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Sarah Solon

Spitzer Overturns controversial Pataki-era policy: no more excessive phone charges for families calling their incarcerated loved ones

Yesterday Governor Spitzer announced a plan to dramatically reduce excessive telephone charges paid by the families of prisoners in New York State. The controversial Pataki-era policy of charging families of prisoners up to 600% more than regular customers to speak to inmates on the phone made it difficult and unaffordable for families to keep in touch with prison inmates. Studies suggest that regular contact between prisoners and their families can reduce rates of criminal recidivism upon release. A case relating to the excessive phone charges is being heard in the State Court of Appeals today.

This is an important policy change impacting the human cost for families struggling to maintain contact with their loved ones in upstate prisons, as well as how society as a whole benefits from lower criminal recidivism rates when contact between prisoners and their families is facilitated.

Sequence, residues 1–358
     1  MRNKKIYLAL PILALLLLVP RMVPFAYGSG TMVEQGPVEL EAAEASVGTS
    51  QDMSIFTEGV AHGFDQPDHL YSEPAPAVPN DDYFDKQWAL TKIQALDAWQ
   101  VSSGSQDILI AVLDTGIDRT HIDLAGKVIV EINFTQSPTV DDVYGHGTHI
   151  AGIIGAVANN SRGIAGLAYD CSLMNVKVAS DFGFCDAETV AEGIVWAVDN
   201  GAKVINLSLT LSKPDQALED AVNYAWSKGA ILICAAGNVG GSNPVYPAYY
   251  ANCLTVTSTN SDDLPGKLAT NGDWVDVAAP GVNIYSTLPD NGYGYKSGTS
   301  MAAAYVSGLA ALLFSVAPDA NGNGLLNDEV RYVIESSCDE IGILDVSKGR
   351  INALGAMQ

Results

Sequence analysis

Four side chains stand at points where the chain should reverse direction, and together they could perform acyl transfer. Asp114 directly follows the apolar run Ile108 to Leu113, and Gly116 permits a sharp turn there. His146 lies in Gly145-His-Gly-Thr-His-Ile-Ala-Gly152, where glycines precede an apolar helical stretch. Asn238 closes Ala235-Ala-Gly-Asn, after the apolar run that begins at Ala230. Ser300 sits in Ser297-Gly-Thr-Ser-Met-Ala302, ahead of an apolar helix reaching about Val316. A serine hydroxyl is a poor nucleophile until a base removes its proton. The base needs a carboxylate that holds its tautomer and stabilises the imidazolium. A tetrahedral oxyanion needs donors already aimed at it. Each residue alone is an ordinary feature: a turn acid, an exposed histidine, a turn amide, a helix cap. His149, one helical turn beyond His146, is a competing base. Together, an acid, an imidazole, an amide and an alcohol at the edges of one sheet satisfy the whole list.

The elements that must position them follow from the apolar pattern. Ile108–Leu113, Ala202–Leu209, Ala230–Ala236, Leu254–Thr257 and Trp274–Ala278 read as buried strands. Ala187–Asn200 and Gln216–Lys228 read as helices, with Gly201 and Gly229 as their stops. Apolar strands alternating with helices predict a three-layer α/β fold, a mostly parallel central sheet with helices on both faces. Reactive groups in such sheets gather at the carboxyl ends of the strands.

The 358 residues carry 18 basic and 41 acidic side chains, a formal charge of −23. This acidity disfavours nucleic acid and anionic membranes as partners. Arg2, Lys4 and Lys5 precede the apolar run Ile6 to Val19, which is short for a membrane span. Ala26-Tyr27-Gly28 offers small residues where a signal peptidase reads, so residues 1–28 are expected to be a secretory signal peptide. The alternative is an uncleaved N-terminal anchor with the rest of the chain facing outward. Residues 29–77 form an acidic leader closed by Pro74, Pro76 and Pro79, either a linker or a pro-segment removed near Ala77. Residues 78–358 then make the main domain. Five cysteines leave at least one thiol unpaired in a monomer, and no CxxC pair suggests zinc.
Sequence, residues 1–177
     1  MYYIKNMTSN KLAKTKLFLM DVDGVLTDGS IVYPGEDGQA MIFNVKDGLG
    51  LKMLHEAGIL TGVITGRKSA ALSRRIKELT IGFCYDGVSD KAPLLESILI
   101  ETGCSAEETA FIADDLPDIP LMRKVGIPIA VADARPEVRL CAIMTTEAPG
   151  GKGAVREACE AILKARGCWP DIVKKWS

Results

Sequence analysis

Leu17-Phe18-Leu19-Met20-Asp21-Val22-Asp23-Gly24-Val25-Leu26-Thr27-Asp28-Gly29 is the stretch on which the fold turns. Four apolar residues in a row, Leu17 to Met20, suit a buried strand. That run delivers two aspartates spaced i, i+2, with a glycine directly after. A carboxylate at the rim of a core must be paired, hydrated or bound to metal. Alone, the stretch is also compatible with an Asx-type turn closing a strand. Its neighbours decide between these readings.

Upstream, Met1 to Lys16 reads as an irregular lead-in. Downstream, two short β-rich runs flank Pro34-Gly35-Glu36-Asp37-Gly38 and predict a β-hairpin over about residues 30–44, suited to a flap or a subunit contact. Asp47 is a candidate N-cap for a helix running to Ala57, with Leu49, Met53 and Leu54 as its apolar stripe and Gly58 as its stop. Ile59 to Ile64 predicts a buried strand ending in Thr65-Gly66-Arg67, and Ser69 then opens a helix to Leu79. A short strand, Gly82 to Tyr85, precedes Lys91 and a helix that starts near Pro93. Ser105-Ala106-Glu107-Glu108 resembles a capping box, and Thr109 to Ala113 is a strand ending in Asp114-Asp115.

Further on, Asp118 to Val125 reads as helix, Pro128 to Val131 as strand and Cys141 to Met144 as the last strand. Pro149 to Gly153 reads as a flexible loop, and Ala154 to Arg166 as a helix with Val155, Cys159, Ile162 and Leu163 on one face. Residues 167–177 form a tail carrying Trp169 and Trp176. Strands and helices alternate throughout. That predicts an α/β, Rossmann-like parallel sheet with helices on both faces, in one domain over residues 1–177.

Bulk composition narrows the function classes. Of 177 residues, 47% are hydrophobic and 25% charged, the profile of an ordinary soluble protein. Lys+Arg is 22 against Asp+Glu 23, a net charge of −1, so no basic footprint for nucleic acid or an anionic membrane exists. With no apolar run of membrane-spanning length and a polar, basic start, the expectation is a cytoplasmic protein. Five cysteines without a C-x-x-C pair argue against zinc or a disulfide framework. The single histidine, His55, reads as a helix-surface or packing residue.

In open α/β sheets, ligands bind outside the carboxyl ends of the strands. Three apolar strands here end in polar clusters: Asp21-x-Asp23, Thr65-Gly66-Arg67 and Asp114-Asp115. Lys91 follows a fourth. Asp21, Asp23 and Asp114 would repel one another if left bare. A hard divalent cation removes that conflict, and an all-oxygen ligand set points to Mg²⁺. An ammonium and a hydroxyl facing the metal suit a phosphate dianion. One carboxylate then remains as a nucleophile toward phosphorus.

Take it from Ezekiel Edwards:

"As a public defender in the Bronx, I have seen time and time again the role that maintaining contact with a loved one while he or she is in prison plays in reducing recidivism rates and in the general health of families and communities. Governor Spitzer's directive that the New York State Department of Correctional Services not renew its unconscionable contract with MCI that has punished inmates and their families trying to stay in touch is a welcome (and long overdue) step forward.

Since 1996, the state has made over $200 million off of the families of inmates by charging a predatory 600% more to them than to everyone else, resulting in financial hardship to families with loved ones in prison or preventing inmates from maintaining contact with their parents, spouses, and children.

The Court of Appeals is hearing arguments today on the issue, the outcome of which is still important, since the situation hasn't changed yet (and won't change until April), since the plaintiffs are entitled to a declaration of whether their rights are currently being violated, since the plaintiffs are still entitled to damages, and since a declaration is necessary to ensure that this doesn't happen again.

It is important to recognize that similar burdensome contracts exist in many other states, creating the same financial and emotional strain for inmates and their families as have existed in New York for a decade. Hopefully Governor Spitzer's important decision recognizing the contract's unfairness will cause other states to take similar action."

Stay tuned for updates on the Court of Appeals hearing...

Sarah Solon: Author Bio | Other Posts
Posted at 4:39 PM, Jan 09, 2007 in Criminal Justice
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